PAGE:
Figure 2: A 1-bit memory circuit constructed using multi-stability.
Figure 2

(a) AFN for a circuit with SR latch-like behaviour. S and R are set and reset inputs, respectively, used to control the network output Q. (b) With S=R=0, the network has two ground states corresponding to Q=0 and Q=1. Raising to S=1 forces an output of 1, which is maintained when S is released with high probability. Conversely, pulsing R=1 forces the system into the output 0 ground state after R is released. Mass conservation means that Q=1 while R=1; traditional SR latch behaviour could be achieved with an additional ground leg at the expense of network complexity. (c) With low but non-zero noise, simulation of the network Langevin dynamics at βλ=100, βμ=500 demonstrates the robust set–reset behaviour of the network (Methods).

Reversible gates

The NAND gate in Fig. 1c is not reversible, since the (X, Y)=(0, 1) and (1, 0) inputs yield identical output and ground leg states: that is, the precise input state cannot be deduced from all readable output data. However, employing closed loops within an AFN, exploiting mutual exclusivity of active flows, allows fully reversible gates to be constructed. For example, a reversible XOR () gate is provided by the two-output CNOT (controlled-NOT) operation familiar to quantum logic33, realized as the ground states of the network in Fig. 3a. This accepts a data input X and a control input C, outputting ¬X if C is 1 and X if C is 0, which is precisely X C, as well as always outputting C, giving a one-to-one mapping of input pairs (X, C) to output pairs (X C, C). The more complex three-input Fredkin or CSWAP gate46, which serves as the fundamental gate of conservative logic46 and is remarkably both reversible and universal, can also be realized in AML (Fig. 3b). In general, mass conservation means that we expect fully reversible computing to be realizable within the AML framework.

Figure 3: Reversible logic gates.
Figure 3

(a) A CNOT gate, which provides a reversible XOR, and its ground states. Though Cout always equals Cin, it is not one flow path connecting the two. Instead, flow interactions mean that Cout is drawn from the power leg. (b) A Fredkin gate, or CSWAP, and its ground states. If Cin=0, then O1=X and O2=Y; if Cin=1, then O1=Y and O2=X. As AML is conservative, this gate needs no power or ground legs. Note that the all-zero input state has two ground states corresponding to clockwise and counterclockwise orientations of the flow loop. The gate implementations in a,b were determined by an exhaustive numerical ground state search over constrained random graphs (Methods).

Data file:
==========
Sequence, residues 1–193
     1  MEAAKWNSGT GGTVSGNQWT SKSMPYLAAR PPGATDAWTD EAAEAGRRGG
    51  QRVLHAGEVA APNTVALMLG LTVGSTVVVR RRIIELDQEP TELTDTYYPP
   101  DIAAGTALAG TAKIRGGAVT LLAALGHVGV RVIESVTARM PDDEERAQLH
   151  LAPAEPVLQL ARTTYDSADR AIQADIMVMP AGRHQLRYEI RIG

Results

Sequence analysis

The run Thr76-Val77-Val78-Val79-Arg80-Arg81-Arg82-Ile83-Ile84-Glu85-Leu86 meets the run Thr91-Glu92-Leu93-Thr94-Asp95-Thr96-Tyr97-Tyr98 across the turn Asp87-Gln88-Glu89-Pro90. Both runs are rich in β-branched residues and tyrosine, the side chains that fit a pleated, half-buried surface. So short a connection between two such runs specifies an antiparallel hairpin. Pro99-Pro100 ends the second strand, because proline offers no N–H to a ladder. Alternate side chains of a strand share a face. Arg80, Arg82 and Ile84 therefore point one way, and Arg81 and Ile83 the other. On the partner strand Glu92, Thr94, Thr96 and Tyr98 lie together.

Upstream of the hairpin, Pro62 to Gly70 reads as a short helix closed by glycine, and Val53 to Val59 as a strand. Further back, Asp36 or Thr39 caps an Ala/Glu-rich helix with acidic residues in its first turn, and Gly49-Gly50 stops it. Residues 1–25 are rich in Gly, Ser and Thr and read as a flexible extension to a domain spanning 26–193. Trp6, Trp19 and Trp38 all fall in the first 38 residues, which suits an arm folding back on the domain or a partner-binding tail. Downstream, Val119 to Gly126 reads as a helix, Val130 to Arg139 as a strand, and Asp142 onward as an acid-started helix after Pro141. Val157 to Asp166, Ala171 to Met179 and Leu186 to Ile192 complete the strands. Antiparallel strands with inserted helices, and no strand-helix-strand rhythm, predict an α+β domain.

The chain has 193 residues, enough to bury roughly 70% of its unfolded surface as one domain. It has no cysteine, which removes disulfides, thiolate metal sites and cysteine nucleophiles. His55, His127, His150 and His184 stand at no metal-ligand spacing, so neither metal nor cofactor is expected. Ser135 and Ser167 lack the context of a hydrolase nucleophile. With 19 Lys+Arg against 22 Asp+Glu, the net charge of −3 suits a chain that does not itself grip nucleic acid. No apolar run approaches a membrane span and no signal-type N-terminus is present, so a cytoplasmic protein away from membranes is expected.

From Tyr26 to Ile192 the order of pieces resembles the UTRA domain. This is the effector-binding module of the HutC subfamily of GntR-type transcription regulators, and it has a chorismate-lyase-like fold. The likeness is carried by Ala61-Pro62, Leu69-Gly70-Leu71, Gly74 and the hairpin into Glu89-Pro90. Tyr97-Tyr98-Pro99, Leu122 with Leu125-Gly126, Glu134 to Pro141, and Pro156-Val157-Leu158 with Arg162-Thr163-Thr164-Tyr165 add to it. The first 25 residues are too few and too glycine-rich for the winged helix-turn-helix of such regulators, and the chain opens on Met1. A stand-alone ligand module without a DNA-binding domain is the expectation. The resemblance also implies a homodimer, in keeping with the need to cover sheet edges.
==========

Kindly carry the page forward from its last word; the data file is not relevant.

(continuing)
Beyond logical operations, finding local energy minima of an AFN can be recast as a Boolean satisfiability problem (SAT) similar to those considered in DNA-based computing36,37. Given a Boolean formula f(x1, …, xn) with logical variables xj{0, 1}, the associated SAT problem asks whether one can find solutions of f(x1, …, xn)=1. To connect this problem with AFNs, suppose that the underlying graph Γ is closed—that is, it has no inputs or outputs (Γ=︀). To each edge flux φe we associate a Boolean variable xe where xe=1 represents φe=±1 and xe=0 represents φe=0. Incompressibility at a vertex vV then implies the logical condition that an even number of the incident edges eE(v) have xe=1. For example, a bulk degree-3 vertex with incident edge variables x1, x2, x3 has incompressibility condition

in conjunctive normal form. Combining vertices then yields a k-SAT problem—one posed as a large AND of k-term ORs where k is the maximum vertex degree in Γ, whose solutions are potential metastable states of H. If Γ contains no dioded (one-way) edges then these are all energy minima, with multiplicity determined by the number of orientations of the subgraph induced by those eE with xe=1; if there are multiple dioded edges, then some logical states may not be orientable. Input and output vertices simply add further logical conditions: the former force edges to assume 1 or 0 values according to the input vector I, and the dioded edges of the latter reduce to fixing the number of 1-valued output edges to be the number of inputs. In general, many active biological network processes might be fruitfully cast in logical terms: P. polycephalum, for instance, could be viewed as solving a constrained SAT problem to coarsen an initially fine foraging network24,25.